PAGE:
Cancer Genomics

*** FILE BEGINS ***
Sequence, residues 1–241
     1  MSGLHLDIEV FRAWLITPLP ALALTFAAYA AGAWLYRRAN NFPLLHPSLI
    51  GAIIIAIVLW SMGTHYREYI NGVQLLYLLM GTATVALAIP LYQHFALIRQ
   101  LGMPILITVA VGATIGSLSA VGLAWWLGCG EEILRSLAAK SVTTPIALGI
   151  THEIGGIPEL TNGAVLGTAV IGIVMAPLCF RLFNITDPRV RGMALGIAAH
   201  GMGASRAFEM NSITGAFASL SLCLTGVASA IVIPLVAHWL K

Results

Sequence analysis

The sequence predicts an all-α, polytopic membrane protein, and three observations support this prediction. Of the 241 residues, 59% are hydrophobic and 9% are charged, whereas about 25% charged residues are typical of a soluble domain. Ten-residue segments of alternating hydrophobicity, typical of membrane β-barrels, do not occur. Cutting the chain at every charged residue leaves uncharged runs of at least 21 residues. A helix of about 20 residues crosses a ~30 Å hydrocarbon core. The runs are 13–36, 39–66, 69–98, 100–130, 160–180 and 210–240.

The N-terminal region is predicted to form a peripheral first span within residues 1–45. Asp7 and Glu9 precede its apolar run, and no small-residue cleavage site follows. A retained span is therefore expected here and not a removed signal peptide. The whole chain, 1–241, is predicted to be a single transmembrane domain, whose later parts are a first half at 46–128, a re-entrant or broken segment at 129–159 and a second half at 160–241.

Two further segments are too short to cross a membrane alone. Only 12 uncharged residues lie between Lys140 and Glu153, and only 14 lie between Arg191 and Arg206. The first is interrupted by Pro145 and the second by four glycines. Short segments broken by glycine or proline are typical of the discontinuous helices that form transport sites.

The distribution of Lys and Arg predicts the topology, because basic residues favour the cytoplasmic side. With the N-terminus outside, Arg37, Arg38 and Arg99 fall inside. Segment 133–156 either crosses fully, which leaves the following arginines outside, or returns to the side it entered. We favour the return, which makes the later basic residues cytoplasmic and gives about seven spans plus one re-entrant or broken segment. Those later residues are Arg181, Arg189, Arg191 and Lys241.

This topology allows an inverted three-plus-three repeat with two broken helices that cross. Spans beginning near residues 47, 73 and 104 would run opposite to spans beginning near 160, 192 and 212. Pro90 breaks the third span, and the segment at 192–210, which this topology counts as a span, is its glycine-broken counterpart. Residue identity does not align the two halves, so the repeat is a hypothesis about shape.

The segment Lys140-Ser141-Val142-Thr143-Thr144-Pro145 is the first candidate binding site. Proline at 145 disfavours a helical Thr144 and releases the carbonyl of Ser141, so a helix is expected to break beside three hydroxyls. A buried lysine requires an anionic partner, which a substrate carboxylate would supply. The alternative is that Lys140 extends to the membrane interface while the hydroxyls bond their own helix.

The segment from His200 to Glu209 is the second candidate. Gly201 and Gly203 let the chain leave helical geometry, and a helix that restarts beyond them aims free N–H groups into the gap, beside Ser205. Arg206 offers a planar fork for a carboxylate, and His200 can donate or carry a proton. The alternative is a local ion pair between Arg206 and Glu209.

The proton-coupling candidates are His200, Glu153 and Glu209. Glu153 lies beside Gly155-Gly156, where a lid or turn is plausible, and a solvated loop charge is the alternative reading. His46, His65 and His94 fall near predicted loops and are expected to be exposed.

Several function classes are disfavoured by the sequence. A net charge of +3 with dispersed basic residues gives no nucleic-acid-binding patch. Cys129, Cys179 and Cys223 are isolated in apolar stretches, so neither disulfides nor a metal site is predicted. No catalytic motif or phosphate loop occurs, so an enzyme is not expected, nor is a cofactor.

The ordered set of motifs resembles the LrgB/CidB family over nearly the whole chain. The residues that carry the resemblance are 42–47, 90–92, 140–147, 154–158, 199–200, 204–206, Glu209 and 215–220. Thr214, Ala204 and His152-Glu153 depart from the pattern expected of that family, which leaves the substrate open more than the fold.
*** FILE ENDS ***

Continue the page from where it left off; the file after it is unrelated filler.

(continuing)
Next generation sequencing (NGS) describes the technical revolution that enabled massively parallel sequencing of fragmented nucleic acids, thus making possible our current genomic understanding of cancers. The technology is used to determine the order of nucleotides in entire genomes or various targeted areas and regions of RNA or DNA. The wide application of NGS, mainly through whole genome, exome and transcriptome sequencing, provides a high-resolution and global view of the cancer genome. Coupled with powerful bioinformatics tools and advanced computational data analysis approaches, NGS has revolutionized our understanding of the biological basis of cancer. The sequencing of cancer genomes has revealed a number of novel cancer-related genes, especially in breast cancer. The application of NGS to large-scale cancer genomics discovery projects allowing clinicians to act more easily on genomic information at the point of care for patients. Developments in NGS and emerging novel technologies continue to change the cancer research landscape to advance our knowledge with the hope that in the near future we can further improve our ability to prevent, diagnose and treat cancers. In parallel, new therapies that target mutated genes identified through clinical NGS are gaining US Food and Drug Administration (FDA) approval, and novel clinical trial designs are emerging in which genetic identifiers are given equal weight to histology. The coincident development of targeted small molecule and antibody-based therapies that target a cancer’s genomic dependencies has fuelled the transition of genomic assays into clinical use in patients with cancer.